I have wild, terribly beautiful dreams about places that confuse me. I feel sometimes like there must be a way to find the things I dream. There are boys in my dreams and I am young. My husband is there, and he's surrounded by light. I know that he will love me, some day, but I don't tell him. I sit with him and smile, knowing that he'll see me, one day.
Things go wrong. I lose my sight, often, but my husband is there and I remember that we'll get older, we'll have babies and everything will be okay. Sometimes I am driving a car, and I can't see. I only feel scared for a moment, careening wildly around mountain passes, winding roads with a precipice and a railing. Then I remember our babies, the days they were born, how there was a light hanging above me that clanged into place.
When things go wrong in my nightmares, I know that we love one another and that we'll be together, as soon as I can get myself out of this mess. I don't have to be afraid of anything, because I have the thing that people fear losing, that people fear being without.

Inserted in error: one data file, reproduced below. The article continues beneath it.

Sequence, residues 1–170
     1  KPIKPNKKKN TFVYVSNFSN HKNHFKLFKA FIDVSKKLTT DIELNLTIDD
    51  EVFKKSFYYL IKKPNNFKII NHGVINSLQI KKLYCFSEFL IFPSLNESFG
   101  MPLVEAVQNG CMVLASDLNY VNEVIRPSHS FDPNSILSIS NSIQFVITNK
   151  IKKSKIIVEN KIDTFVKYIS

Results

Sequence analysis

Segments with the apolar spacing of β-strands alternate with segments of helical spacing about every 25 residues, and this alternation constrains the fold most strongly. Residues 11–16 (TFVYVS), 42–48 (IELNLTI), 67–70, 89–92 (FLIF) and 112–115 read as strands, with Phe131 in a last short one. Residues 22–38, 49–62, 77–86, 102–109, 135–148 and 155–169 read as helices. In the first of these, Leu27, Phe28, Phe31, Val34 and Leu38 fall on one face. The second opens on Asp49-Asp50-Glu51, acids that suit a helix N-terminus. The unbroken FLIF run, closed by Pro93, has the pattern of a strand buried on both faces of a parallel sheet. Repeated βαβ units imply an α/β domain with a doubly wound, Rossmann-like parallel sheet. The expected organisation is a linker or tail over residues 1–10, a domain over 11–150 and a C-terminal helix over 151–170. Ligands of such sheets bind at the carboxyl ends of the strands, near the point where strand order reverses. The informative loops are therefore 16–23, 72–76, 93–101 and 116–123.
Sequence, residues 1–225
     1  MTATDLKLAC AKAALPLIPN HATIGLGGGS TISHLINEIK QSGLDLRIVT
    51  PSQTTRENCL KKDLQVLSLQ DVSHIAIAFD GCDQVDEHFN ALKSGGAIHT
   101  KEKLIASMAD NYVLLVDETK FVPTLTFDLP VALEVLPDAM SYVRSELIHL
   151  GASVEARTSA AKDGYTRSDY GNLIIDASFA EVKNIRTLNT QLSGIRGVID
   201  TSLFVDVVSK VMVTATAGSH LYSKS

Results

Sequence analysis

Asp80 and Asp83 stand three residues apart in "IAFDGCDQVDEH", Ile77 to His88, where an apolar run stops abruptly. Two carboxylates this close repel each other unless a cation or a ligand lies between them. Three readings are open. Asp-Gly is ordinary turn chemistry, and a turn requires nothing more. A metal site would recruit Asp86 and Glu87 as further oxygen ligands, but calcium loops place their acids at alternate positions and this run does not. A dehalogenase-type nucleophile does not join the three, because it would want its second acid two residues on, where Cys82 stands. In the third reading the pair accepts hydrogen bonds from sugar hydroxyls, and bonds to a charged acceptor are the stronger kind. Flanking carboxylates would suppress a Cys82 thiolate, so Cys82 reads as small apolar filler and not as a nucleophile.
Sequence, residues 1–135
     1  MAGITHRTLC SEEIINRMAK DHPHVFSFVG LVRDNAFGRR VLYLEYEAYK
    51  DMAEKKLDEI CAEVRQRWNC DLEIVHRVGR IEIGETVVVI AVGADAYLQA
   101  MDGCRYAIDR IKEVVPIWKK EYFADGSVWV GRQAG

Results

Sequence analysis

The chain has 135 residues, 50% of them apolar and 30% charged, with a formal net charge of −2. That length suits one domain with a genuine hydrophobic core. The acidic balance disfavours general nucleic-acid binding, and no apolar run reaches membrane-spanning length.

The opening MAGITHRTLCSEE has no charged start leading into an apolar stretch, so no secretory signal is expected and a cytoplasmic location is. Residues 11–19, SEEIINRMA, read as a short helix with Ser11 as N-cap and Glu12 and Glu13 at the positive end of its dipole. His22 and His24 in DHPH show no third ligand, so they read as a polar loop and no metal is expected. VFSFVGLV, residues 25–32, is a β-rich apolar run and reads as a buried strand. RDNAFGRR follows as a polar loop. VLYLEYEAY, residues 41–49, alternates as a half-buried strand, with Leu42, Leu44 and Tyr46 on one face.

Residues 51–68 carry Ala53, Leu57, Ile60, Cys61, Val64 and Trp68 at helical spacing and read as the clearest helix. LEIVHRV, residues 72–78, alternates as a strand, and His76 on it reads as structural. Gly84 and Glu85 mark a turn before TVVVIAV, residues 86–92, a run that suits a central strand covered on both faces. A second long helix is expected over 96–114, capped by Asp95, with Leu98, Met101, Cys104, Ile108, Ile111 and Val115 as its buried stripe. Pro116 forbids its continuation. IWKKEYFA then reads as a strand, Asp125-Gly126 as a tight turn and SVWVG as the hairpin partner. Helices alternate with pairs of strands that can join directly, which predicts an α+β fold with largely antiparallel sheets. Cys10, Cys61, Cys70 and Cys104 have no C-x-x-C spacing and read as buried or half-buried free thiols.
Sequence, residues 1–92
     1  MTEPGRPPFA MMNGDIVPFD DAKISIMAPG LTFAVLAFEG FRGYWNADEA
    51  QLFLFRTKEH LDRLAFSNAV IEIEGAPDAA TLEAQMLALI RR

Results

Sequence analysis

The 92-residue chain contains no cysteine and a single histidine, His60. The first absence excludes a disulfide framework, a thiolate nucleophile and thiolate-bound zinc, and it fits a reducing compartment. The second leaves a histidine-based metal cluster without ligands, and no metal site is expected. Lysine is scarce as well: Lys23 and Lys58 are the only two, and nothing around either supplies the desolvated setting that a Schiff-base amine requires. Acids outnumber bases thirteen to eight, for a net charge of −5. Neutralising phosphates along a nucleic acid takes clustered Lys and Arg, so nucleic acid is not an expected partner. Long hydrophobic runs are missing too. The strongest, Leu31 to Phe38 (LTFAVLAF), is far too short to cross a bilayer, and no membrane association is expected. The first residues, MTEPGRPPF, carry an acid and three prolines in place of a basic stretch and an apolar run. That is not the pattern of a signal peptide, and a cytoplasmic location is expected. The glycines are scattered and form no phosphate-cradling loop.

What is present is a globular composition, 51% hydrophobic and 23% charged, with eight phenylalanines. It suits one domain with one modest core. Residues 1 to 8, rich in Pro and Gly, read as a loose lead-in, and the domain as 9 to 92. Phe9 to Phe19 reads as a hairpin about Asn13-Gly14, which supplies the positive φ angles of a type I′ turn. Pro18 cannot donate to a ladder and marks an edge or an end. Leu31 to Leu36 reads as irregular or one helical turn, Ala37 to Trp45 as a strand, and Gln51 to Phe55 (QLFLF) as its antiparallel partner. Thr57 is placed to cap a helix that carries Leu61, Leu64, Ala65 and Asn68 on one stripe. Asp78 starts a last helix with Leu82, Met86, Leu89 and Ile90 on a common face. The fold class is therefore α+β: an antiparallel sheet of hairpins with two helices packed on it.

I dream about a trail that hovers above the rivers, about a city covered in lights. On days like today, where the sun is shining and I'm feeling like I might just float away, I think that I should go ride my bike on that trail that lets me look down over the water. The one that follows the curve of the hillside. That one that isn't quite real. But, it must be. In some city, somewhere, there must be a pathway that crosses itself, back and forth, leading into a place where twinkling lights are reflected on the moving surface of a river.
That's how I feel when I dream things. That they must be possible, somewhere.
I have a memory from my childhood that's taken on an abstract, sort of arcane, dreamlike space in my mind.
The aurora borealis was supposed to be visible in our part of the world. We were kids and we went out to eat at a restaurant. It was dark and we weren't used to being out this late. The Northern Lights were a faraway sort of promise, one that didn't make sense. I was worried about losing a library book. It was due in the morning and I couldn't find it. My mom kept asking me what was wrong, and I kept telling her, nothing.
We got into our car, the four of us buckled into the back seat and my father drove us into the country. Down long gravel roads and through the forest, we emerged next to a wide open field. There were stars everywhere. It was chilly. My parents blew in their cupped hands for warmth. We stood in the grass, staring at the sky.